"By the end of the great war, the Dandy Warhols had progressed far beyond the traditional jug band sound." So begins the Dandy Warhols' latest release, Odditorium or Warlords of Mars, this fictional recounting of the Portland band's origins spoken by the authoritative voice of the A&E channel's Bill Kurtis. What follows is a psychedelic pastiche of a pop album which, like its creator Courtney Taylor-Taylor, is brilliant in its indulgences. Of course, that doesn't mean it's always listenable. Fortunately, Taylor-Taylor's indulgences, the products of an unchecked ego with major-label support, yield nonstop entertainment in this, part two of Riff City's Courtney Taylor-Taylor interview.

Riff City: How's the tour going?

Courtney Taylor-Taylor: Every show is sold out, and we're playing bigger venues than we ever have in our lives. We're bigger than ever, and we've done it the right way. We don't have dipshit jock wannabe alternative posers with haircuts out of magazines and shit showing up at our shows yelling and screaming.

Well, this album hasn't really appealed to a popular audience.

Of course it hasn't. Every record we've made is an album, is a film, it is a continuum from beginning to end, appropriately organized into a very human experience. Everything we do is an experiment in "Oops, that's cool." We notice the accidents, then we freeze them in time and space and say, "Fucking leave it—that's amazing."

What about the Bill Kurtis intro? That doesn't seem very accidental.

I came up with that one. It's actually a litmus test to see if people have any language skills. With a number of people, you play it and they just sort of space off and look out the window. The minute they hear talking, they just shut down. Which is funny, that's great, you know, perfect. We've always been a band that is about separating the wheat and the chaff.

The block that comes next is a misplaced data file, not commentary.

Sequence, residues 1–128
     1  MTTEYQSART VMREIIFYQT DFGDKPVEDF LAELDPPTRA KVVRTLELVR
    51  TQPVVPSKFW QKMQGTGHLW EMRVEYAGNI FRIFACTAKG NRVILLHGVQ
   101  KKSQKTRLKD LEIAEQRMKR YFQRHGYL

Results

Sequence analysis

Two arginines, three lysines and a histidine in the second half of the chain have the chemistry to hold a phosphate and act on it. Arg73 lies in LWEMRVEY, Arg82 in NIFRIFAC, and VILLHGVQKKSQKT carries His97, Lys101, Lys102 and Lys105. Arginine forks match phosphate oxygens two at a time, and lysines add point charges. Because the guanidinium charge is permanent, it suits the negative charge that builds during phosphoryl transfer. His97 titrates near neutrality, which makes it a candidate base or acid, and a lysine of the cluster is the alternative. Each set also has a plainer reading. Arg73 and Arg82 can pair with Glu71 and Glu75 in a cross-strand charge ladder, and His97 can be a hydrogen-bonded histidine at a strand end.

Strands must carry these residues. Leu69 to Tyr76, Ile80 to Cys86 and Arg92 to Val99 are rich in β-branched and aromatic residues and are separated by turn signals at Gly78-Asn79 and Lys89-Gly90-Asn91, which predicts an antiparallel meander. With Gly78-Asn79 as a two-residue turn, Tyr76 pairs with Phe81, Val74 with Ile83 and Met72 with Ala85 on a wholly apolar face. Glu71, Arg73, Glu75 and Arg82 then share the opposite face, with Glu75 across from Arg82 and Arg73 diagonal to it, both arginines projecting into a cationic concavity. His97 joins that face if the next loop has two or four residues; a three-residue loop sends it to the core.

How did you get Bill Kurtis to do it?

Because of the kind of music we play, we meet a lot of the superpower intellectuals of the planet. I ended up at a beach house with one of the leading brain chemists, who was there speaking at a med school in New York on the newest advances about what happens to the brain chemically. I got to sit with this guy alone listening to Louis Armstrong records, and basically ask him what every drug does to the brain. I just got to sit with an astrophysicist in Sydney, Australia, and ask him, "Prove to me that we've been to the moon. Tell me why you know for a fact that we've been to the moon." He sat and told me, explained everything. So I've had the luxury of sitting with Bill Kurtis and talking about art and wine, and he's fantastic. When I came up with the thing, I wanted the Bill Kurtis sound—that fucking titan of information. And it's all the more comical because we're used to hearing Bill Kurtis' voice and just believing it. That's just so fucked-up on a psychological level, what it's doing is being as completely impossible as can be, and dictated by the voice that is ingrained culturally to be the voice of true perspective on history.

What do you think of the way the band is perceived in Portland?

You know, I don't know why the fuck I'm talking to you. I told Capitol that I didn't want to talk to anyone from Portland. It's already impossible for me to go get something to eat with my friends or family and not have someone come up to me and tell me how much they love me or hate me. I just want to keep to myself. I've got about 15 friends and we exist on about four blocks in Portland, where it still feels like it used to before all these fucking kids with haircuts from magazines came in. The rest of Portland, I like to call it New Hipsteria and stay away.

The Dandy Warhols play with Pentecost Hotel and Blitzen Trapper Wednesday, Dec. 14, at the Crystal Ballroom. 9 pm. $15. All ages.